This time, they went without the earlier youthful cockiness. They also went with instruments and uniforms they had purchased at their own expense and leather-bound part books with 62 marches, dance tunes, dirges, popular songs, and operatic selections suitable for every occasion.

By 1864, the Union was winning the war. At least partly for that reason, the 1st Brigade Band did not suffer any of the problems it had before, except, of course, the rampant illness in army camps. One day at the end of August 1864, Kimberly could only muster eight healthy musicians.

In May, their first month in Huntsville, the band played four pieces every morning, afternoon, and evening. They began to acquire a reputation for excellence. In their first military action, they boarded a gun boat plying the Tennessee River. Before the gunboat began firing on a small Confederate fort, the band got off the boat and found a place where the rebels could easily hear them.

As the boat razed the fort with its shells, the band taunted the fleeing rebels with “Yankee Doodle” and other Northern battle music. The brigade kept moving into Georgia. There, the 1st Brigade Band got into a battle of the bands one night.

The evening began in an ordinary enough way. The 1st Brigade Band played some tunes outside one of the generals’ headquarters. He asked them to serenade a colonel from Michigan, which they did. After three or four pieces, the Wisconsin group went back to their own camp to play for the acting division surgeon.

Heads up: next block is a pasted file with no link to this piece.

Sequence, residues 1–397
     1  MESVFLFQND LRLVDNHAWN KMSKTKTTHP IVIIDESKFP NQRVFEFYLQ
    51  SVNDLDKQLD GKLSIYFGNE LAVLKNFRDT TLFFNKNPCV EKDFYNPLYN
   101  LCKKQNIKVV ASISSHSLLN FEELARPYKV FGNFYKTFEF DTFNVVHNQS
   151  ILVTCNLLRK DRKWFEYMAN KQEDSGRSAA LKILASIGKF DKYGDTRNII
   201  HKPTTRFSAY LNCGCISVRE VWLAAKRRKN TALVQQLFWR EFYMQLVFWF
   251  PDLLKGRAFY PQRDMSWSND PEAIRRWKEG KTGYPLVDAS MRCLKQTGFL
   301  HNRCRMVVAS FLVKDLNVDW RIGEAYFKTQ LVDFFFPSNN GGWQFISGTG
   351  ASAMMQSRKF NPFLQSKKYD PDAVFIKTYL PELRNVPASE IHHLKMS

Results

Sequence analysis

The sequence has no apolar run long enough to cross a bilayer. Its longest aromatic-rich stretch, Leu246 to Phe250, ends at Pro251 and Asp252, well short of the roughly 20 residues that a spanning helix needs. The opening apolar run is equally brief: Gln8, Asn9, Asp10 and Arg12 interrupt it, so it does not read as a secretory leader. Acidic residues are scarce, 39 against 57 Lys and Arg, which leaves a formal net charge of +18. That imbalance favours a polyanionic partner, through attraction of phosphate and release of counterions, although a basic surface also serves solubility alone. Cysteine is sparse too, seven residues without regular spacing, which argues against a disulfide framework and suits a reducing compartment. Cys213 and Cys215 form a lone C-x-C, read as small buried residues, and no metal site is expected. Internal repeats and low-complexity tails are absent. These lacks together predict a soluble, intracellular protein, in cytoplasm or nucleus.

As soon as they played one piece, another band began to play, the one from the 15th Michigan Infantry, whose colonel they had just serenaded. They traded pieces for a while until the Michigan band responded by playing exactly the same piece. An insult! The Wisconsin band determined that they would play the last piece if it took all night.

It nearly did. It was 3:00 in the morning before the Michigan band finally missed their turn. Wisconsin played Yankee Doodle and shouted, “Victory!” For the last couple of hours of the contest, probably neither band was at its best. Both of them had been drinking freely from the beginning.

After a brief furlough, the 1st Brigade Band joined Gen. Sherman’s march from Georgia to North Carolina. When the Union captured Columbia, South Carolina, a dozen bands, including the 1st Brigade, massed to play “The Anvil Chorus” from Il Trovatore.